As I walk through the door and climb the stairs you come toward me, carrying two big black trash bags.
‘Hiya,’ I say, stepping aside.
‘Be with you in a minute.’
I sit in the kitchen, dark except for the streetlight leaking through the water-stained window. Minutes that feel like hours go by as I listen to you vacuum in the other room. I brought chips, not because you asked me to but because I had them anyway. It takes you another five minutes and two loads of dirty dishes to come and get me.
I follow you into your room and sit on the bed because there’s nowhere else to sit. It doesn’t look like it’s been cleaned at all but I keep that to myself as I take off my jacket.
‘Do you fancy a drink?’ you say.
‘What you have?’
‘We’ve got cider or…,’ you raise an eyebrow, looking at me. ‘Did you bring beer?’
‘We’ve got cider or cider.’
I furrow my brow and pull at an invisible goatee.
You look around the room and grab the four pint cider bottle beside the bed.
‘Is that fresh?’ I point at the half-empty plastic bottle.
‘Bought it this morning,’ you pour me some.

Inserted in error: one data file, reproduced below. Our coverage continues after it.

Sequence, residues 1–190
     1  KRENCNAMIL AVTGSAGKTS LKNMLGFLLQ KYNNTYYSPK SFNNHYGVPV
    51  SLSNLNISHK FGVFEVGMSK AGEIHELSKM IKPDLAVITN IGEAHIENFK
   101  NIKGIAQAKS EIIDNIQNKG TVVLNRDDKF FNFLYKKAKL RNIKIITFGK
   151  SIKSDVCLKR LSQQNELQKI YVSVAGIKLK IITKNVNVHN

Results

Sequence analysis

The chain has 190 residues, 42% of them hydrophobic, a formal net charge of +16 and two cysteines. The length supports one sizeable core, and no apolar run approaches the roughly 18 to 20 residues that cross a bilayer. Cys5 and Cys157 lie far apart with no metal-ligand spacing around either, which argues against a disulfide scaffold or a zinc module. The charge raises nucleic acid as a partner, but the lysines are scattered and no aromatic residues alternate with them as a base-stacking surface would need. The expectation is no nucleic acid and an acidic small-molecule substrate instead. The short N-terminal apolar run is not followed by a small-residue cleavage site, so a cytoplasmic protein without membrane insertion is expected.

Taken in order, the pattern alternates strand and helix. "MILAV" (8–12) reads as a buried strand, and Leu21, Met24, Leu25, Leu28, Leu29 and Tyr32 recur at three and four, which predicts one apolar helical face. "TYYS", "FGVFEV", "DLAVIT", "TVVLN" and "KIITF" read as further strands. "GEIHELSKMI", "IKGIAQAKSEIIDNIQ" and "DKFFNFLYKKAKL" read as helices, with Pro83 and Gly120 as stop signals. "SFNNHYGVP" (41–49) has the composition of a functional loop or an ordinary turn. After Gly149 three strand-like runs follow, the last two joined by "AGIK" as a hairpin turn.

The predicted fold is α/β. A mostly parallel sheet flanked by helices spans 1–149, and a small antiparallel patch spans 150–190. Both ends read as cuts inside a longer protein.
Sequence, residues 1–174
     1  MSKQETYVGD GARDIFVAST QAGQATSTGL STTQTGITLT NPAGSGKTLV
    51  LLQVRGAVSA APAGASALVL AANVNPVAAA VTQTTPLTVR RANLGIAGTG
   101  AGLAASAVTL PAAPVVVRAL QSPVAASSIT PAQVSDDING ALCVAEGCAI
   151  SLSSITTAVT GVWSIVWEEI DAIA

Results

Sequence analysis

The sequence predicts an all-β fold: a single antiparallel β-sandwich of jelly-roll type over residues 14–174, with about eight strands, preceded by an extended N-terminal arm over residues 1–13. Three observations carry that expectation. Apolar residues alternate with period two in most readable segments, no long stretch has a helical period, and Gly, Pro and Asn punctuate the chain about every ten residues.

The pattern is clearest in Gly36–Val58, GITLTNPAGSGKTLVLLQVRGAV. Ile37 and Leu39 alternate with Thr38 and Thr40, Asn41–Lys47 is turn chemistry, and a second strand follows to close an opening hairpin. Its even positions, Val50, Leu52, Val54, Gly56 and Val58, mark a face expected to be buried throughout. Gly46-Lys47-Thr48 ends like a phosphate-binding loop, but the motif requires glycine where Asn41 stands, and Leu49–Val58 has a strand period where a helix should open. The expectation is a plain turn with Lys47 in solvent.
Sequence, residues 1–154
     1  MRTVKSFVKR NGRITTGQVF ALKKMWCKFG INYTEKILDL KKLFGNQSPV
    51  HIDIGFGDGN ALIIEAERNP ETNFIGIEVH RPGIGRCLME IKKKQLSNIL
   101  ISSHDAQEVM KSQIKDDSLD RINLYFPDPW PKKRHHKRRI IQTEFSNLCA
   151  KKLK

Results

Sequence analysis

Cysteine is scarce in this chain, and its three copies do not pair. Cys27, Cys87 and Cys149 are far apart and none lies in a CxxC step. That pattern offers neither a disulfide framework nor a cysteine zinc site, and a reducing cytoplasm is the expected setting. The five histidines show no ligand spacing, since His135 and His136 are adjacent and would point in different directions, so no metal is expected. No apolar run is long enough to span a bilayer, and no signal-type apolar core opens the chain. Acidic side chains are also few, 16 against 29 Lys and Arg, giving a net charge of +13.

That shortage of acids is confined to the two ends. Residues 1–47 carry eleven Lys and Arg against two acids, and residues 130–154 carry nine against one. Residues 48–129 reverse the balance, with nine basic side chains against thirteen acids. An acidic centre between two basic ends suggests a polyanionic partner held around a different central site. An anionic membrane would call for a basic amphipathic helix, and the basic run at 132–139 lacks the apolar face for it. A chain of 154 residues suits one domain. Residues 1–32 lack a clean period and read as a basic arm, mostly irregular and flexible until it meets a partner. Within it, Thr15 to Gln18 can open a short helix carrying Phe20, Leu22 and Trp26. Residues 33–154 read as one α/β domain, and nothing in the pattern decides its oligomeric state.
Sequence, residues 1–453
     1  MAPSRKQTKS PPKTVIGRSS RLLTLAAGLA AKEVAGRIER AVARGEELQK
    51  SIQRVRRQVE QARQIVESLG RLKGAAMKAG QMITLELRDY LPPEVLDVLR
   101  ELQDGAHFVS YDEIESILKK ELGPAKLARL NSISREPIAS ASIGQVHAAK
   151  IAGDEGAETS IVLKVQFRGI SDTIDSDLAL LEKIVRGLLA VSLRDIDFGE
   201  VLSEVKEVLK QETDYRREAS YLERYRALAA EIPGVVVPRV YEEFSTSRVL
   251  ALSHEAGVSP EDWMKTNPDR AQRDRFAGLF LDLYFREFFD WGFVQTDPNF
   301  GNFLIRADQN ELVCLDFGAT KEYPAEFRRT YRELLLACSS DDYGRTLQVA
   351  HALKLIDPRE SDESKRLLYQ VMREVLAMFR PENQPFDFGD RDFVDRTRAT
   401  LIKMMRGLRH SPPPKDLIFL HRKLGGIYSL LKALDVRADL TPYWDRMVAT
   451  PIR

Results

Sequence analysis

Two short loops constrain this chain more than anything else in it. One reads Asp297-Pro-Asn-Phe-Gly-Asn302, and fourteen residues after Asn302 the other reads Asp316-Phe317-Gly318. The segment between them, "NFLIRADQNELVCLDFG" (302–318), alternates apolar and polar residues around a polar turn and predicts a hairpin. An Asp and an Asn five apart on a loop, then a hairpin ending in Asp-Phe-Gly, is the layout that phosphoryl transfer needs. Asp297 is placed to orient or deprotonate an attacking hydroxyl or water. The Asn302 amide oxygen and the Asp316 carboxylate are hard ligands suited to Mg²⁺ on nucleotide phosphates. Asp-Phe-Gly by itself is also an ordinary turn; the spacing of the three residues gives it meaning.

I take a sip, spit it back into the glass and put it down by the foot of the bed. You take a swig from the bottle. I wish I’d brought beer. You sit down beside me and lean in. I lean away and reach for my bag. I take out a half-eaten bag of chips and hand it to you.
‘Here you go. Good as new.’
I smile so wide my face dimples.
‘You brought crisps?’
You take the bag from me and start eating. I watch you as you cover your shirt in crumbs. I’m hungry too, but you don’t offer.
‘I haven’t eaten all day,’ you say through a mouthful of chips.
‘I could have come by earlier.’
‘I slept late. I felt sick all morning.’
‘Did you catch a cold?’
‘Yeah, and then I got smashed yesterday night.’
‘But now you feel all better?’
‘Mustn’t grumble,’ you spray me with wet crumbs as you say it.
I wait for you to look away and wipe at my face.
‘You kept calling me,’ you say.
‘I didn’t know you weren’t feeling well.’
‘So you kept calling?’
‘A couple more times. You picked up but I didn’t hear anything. I think your phone is broken.’
‘No,’ you stuff another handful of chips into your mouth.
‘But I didn’t hear you on the other end.’
‘You kept calling. So I picked up, threw the phone in the corner and went back to sleep.’